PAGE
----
Unoccupied Property Insurance

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What is Unoccupied Property Insurance?

Unoccupied property insurance is a type of insurance policy that is designed to protect properties that are empty for an extended period of time. A property is considered unoccupied when it has been empty for more than 30 days.

Properties that are unoccupied are at higher risk of fire, water damage, vandalism or squatting due to no one being present to resolve or deter these issues quickly. As such, insurance for unoccupied properties takes into account these risks.

Standard home or landlords insurance does not cover properties left empty for an extended period of time.

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Unoccupied Property Insurance

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‘Insurance for an unoccupied property can have a lot of terms and conditions within it due to the nature of the risk. Take time to compare unoccupied property insurance policies to ensure you remain insured in the event of severe damage or theft!’.

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Who Needs Insurance For An Unoccupied Property?

Unoccupied property insurance is typically required by property owners who plan to leave their property vacant or unoccupied for more than 30 days.

Some common scenarios where unoccupied property insurance may be necessary include:

  • Property undergoing renovations: If you are renovating your property and plan to move out during the renovations, your property may be considered unoccupied and you may need unoccupied property insurance.
  • Property for sale: If you are trying to sell your property and it remains empty for an extended period, you may need unoccupied property insurance.
  • Property awaiting probate: If a property owner has passed away and the property is awaiting probate, it may be considered unoccupied and you may need unoccupied property insurance.
  • Second homes or holiday homes: If you own a second home or holiday home that remains empty for an extended period, you may need unoccupied property insurance.

If your property is left unoccupied without the proper insurance, you may be at risk of being denied a claim in the event of needing to.

When Is A Property Classed As Unoccupied?

A property is generally classed as unoccupied when left empty for more than 30 days. This means the property has no furniture and is not lived in for the set time frame.

Some insurers may class a property to be unoccupied much sooner. For instance, they may consider the property vacant at 21 days so it is important to check policy wording.

When a home owner takes and extended holiday, it is unlikely that the insurer will class the property unoccupied in this instance but it is worth checking your home insurance policy for this.

What Does Unoccupied Property Insurance Cover?

Insurance for empty properties typically covers a range of risks that are associated with leaving a property empty for an extended period of time. The specific cover provided may vary depending on the policy and insurance provider but typically includes the following:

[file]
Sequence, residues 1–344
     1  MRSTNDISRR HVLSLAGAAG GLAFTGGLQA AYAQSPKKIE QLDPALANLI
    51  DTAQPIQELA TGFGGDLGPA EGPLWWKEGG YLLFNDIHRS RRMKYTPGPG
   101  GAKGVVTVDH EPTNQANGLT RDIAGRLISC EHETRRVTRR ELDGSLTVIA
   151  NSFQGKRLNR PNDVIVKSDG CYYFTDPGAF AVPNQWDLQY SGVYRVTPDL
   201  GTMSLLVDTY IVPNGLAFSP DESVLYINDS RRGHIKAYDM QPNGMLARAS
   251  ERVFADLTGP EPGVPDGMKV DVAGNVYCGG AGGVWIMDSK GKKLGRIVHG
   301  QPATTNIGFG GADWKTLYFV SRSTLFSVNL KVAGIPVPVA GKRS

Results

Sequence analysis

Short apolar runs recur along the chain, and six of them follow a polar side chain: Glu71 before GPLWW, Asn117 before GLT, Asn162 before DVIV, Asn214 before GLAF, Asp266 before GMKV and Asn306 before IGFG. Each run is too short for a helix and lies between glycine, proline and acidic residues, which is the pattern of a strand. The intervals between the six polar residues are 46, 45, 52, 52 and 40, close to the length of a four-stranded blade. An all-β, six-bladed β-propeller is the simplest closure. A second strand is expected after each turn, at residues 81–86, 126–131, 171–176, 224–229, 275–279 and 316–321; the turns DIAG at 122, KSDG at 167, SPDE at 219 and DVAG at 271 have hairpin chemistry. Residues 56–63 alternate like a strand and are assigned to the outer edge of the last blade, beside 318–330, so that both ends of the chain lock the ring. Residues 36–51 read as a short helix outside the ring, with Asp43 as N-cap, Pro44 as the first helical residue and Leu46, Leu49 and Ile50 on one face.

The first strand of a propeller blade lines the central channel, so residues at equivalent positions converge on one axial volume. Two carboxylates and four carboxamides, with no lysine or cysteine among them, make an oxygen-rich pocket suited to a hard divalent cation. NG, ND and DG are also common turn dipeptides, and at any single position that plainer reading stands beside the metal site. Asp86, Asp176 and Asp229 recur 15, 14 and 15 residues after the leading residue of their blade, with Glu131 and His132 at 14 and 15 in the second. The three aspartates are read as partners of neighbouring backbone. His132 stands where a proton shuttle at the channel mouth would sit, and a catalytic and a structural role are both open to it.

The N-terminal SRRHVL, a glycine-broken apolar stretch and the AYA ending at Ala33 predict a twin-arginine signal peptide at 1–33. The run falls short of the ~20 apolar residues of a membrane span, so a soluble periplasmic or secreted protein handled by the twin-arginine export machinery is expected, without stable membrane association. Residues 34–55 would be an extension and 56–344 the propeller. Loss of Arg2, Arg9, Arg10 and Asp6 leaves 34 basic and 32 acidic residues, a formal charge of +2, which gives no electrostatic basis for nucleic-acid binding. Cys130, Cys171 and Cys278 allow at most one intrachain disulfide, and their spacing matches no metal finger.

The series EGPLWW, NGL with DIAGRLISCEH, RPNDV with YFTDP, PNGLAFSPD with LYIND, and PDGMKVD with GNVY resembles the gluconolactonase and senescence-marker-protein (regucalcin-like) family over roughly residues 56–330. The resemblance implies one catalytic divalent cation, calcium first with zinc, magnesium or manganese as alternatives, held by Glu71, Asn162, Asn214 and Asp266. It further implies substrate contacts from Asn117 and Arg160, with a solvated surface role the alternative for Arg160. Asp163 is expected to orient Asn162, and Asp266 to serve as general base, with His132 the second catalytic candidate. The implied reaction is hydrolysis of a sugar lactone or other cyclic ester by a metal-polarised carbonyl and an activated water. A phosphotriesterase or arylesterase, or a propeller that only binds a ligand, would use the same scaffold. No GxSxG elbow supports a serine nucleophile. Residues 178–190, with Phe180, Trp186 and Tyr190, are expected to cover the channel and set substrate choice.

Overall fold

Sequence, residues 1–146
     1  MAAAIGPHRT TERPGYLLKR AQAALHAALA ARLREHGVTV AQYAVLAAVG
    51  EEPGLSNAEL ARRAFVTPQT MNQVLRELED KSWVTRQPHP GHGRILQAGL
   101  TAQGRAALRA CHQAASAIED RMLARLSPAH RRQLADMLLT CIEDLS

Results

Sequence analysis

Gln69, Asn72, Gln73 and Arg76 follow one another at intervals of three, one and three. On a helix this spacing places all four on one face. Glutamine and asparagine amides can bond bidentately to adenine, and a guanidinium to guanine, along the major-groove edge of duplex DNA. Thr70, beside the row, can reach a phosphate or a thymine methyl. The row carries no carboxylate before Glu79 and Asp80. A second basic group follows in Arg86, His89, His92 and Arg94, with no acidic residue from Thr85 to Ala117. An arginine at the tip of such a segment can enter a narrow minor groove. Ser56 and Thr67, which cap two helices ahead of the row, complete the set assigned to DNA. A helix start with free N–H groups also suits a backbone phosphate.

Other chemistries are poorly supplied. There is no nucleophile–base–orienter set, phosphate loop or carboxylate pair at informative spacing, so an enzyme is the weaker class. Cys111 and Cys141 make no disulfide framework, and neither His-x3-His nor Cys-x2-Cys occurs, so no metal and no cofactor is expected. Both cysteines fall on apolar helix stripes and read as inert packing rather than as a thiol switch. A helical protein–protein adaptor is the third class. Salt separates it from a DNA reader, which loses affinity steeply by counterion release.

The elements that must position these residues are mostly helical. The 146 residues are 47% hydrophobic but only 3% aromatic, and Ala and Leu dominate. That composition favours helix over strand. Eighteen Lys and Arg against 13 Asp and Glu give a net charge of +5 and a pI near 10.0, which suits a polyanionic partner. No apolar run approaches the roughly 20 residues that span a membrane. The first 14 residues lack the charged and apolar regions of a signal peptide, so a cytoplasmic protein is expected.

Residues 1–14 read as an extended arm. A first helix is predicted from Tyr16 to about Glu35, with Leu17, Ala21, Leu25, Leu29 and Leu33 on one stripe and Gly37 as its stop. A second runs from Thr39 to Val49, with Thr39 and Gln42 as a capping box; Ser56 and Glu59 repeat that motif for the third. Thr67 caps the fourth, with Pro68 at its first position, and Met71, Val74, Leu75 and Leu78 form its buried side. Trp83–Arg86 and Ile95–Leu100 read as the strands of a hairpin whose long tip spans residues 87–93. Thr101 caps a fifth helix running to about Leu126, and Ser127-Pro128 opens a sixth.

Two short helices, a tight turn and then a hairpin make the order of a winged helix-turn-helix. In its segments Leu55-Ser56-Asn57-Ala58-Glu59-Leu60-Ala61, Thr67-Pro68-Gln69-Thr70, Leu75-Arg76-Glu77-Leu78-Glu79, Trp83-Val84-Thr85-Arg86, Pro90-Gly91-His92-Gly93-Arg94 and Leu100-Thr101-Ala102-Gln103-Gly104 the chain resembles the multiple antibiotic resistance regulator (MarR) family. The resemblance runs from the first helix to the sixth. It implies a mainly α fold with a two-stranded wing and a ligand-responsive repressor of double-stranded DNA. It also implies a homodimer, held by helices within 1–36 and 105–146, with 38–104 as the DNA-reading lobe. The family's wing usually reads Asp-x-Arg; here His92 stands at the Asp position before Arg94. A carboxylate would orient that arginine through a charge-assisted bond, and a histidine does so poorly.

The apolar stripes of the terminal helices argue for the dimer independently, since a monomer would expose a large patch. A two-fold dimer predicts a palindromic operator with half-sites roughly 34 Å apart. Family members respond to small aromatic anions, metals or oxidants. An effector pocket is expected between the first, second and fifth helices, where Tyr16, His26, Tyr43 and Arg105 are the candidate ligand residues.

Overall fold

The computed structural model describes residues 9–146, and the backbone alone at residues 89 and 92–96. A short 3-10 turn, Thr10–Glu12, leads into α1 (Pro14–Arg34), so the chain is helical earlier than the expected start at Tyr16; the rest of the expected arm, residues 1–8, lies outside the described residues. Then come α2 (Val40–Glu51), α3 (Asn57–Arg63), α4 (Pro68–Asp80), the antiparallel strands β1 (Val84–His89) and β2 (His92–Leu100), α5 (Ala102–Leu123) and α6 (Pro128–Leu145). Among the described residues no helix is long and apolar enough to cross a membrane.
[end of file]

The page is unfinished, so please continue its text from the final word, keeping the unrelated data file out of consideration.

What Doesn’t Unoccupied Property Insurance Cover?

While vacant property insurance is designed to cover a range of risks associated with leaving a property empty for an extended period of time, there are some limitations to what it covers. Here are some common exclusions to unoccupied property insurance coverage:

It’s important to carefully review the terms and conditions of any unoccupied property insurance policy you are considering to understand exactly what is and isn’t covered. If you have any questions about what is covered, you should speak with an insurance broker who specialises in unoccupied properties.

Do I Need To Inform My Insurer If My Property Is Unoccupied?

If you are a home owner and intend to be away for longer than 30 days, it is likely that you will be required to notify your insurer. Most insurance providers will offer you a bolt on short term unoccupied home insurance policy.

If the property is to be vacant through renovation for instance, then a completely separate specialist unoccupied property policy will be required.

By informing your insurance provider that your property is going to be unoccupied, you can ensure that you have the appropriate insurance cover in place. In the event you need to make a claim and you have not notified your insurer, it is probable that your claim will be rejected.

Frequently Asked Questions

If you are responsible for an unoccupied property, then yes, you do require a policy to cover it. Standard building insurance is not sufficient for vacant premises and will not cover any unoccupied premises.

When it comes to vacant premises, there are different risks involved such as theft or fire. These risks are typically less prevalent in occupied properties.

Landlords insurance is not too different from a home insurance policy. Given the nature of letting to tenants, it is expected at times that your property will be vacant. Because of this, landlord insurance generally allows for a property to remain empty for up to 3 months.

If you are a landlord who’s property is going to be empty for longer than 3 months, then yes, vacant property insurance should be purchased.

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